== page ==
KU Nursing students chosen to participate in annual Kansas Undergraduate Research Day at the Capitol
KU School of Nursing students presented research projects ranging from maternal health to elderspeak.
Shy’Anna Tyler has been interested in newborn babies and their mothers since she was a child growing up in Topeka. As an adult, that interest has deepened. “Being an African-American woman, I know that poor birth outcomes are more prevalent in minority populations compared to white women,” said Tyler.
Earlier this month, Tyler, a senior at the University of Kansas School of Nursing, presented research to Kansas legislators and other state officials examining racial and ethnic differences for pregnancy anxiety and depressive symptoms in women and their relationship to pregnancy complications, preterm birth and low infant birth weight.
Tyler was one of five KU nursing students who participated in the Kansas Undergraduate Research Day at the Capitol held March 1. At this annual event, up to 40 undergraduate students, representing each of the state’s eight four-year public institutions, present their research to state lawmakers and other government representatives in Topeka.
The event showcases the unique opportunities that undergraduate students have to participate with faculty members in research at state institutions and also underscores higher education’s role in developing citizens with the skills necessary to further the economic growth of Kansas.
The event was held virtually this year, as it has been since the COVID-19 pandemic began, with participants submitting videos of poster sessions about their research to legislators and other members of state government. Those videos were available online for viewing on March 1, and live question-and-answer sessions were held that day as well.
All five participating KU nursing students are in the Bachelor of Science in Nursing (BSN) honors program, which gives motivated juniors and seniors the opportunity to conduct research under the guidance of a faculty mentor. Tyler was mentored by Karen Weis, Ph.D., FAAN, professor at KU School of Nursing-Salina, when she conducted her neonatal research.
Camille Henderson, a senior from Mission, Kansas, investigated the other end of the life spectrum. Henderson’s first job in health care was as a CNA at a memory care facility, where she enjoyed working in that setting with that specific population.
Mentored by Kristine Williams, Ph.D., FAAN, professor at KU School of Nursing, Henderson investigated the impact of elderspeak on people with dementia when it comes from a family member. Elderspeak, the inappropriate use of overly simplistic speech or babytalk to communicate with people who are older, can erode older adults’ self-esteem and actually decrease comprehension.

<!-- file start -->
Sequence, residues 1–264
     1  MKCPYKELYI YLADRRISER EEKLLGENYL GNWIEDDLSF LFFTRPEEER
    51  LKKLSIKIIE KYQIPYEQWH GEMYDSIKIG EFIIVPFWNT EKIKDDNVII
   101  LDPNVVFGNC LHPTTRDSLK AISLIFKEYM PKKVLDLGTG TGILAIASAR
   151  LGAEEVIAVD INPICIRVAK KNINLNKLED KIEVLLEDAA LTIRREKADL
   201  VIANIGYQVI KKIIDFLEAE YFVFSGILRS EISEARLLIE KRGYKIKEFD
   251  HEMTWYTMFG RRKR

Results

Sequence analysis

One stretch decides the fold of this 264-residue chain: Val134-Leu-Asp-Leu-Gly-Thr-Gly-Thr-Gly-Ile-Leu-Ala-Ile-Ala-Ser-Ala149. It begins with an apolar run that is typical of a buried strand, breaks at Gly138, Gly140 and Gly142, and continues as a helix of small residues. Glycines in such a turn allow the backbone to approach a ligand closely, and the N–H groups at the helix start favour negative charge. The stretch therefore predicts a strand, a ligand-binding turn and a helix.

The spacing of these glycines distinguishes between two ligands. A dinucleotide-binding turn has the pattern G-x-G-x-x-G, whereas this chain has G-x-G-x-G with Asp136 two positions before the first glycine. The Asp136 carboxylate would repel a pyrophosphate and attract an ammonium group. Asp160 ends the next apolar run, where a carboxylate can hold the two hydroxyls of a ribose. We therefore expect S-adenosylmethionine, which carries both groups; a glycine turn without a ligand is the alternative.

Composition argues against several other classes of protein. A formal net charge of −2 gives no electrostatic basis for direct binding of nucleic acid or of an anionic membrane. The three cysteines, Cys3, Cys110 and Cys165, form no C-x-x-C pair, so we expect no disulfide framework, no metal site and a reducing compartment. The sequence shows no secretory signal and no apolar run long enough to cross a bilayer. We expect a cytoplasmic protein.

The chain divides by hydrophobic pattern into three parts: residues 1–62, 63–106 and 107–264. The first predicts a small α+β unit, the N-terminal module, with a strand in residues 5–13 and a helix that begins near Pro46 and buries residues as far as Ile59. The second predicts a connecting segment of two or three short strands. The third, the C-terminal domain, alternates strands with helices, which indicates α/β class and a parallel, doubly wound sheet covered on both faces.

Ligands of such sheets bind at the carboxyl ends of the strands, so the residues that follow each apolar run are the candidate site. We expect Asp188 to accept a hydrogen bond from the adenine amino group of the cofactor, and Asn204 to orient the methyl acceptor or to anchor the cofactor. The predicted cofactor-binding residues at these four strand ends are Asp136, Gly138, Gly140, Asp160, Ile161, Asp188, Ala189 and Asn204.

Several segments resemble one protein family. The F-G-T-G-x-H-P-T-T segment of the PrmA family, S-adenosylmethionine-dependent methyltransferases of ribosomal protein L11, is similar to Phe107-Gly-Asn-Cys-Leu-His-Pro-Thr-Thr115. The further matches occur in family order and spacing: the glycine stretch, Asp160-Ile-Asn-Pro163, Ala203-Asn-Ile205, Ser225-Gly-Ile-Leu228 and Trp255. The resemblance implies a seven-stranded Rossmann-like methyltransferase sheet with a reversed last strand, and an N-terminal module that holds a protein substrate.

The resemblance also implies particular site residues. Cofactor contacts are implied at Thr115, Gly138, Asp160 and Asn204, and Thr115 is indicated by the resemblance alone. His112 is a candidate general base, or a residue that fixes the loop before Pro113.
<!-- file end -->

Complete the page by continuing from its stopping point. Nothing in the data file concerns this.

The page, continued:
“I have enjoyed researching elderspeak and learning about how to better communicate with my patients, and it is my hope that someday this information will be more widely known across all care settings,” Henderson said.
Sophia Schneller, a senior from Overland Park, Kansas, analyzed findings from a case study on an adolescent with cystic fibrosis (CF) and concluded that adolescents with CF need more preparation for gaining independence during their transition from pediatric to adult CF care.
“I wanted to help facilitate a better transition from pediatric to adult care, especially for those with a chronic condition,” said Schneller, who was mentored by Becky Christian, Ph.D., FAAN, professor and director of the Ph.D. program at KU School of Nursing. “I appreciated being able to advocate for this patient population, as I feel it is significant to the people of Kansas and around the United States.”
The two other BSN honors program students participating in research day at the Capitol were:
- Hanna Mouak, senior from Mulvane, Kansas, mentored by Barbara Polivka, Ph.D., FAAN, associate dean for research at KU School of Nursing: “COVID-19 and Adults with Asthma”
- Mallory Peterman, senior from Overland Park, Kansas, mentored by Laura Klenke-Borgmann, Ph.D., clinical associate professor at KU School of Nursing: "The Long-Term Transferability of Learning via In-Class Simulations to Nursing Practice: A Qualitative Descriptive Study”
The KU School of Nursing BSN honors program is co-coordinated by Becky Christian, Ph.D., FAAN, professor and Ph.D. program director, and Ericka Sanner-Stiehr, Ph.D., education specialty coordinator and clinical assistant professor.
View Presentation Recordings
Watch each of the five students who participated in Kansas Undergraduate Research Day share their research presentations in these recordings: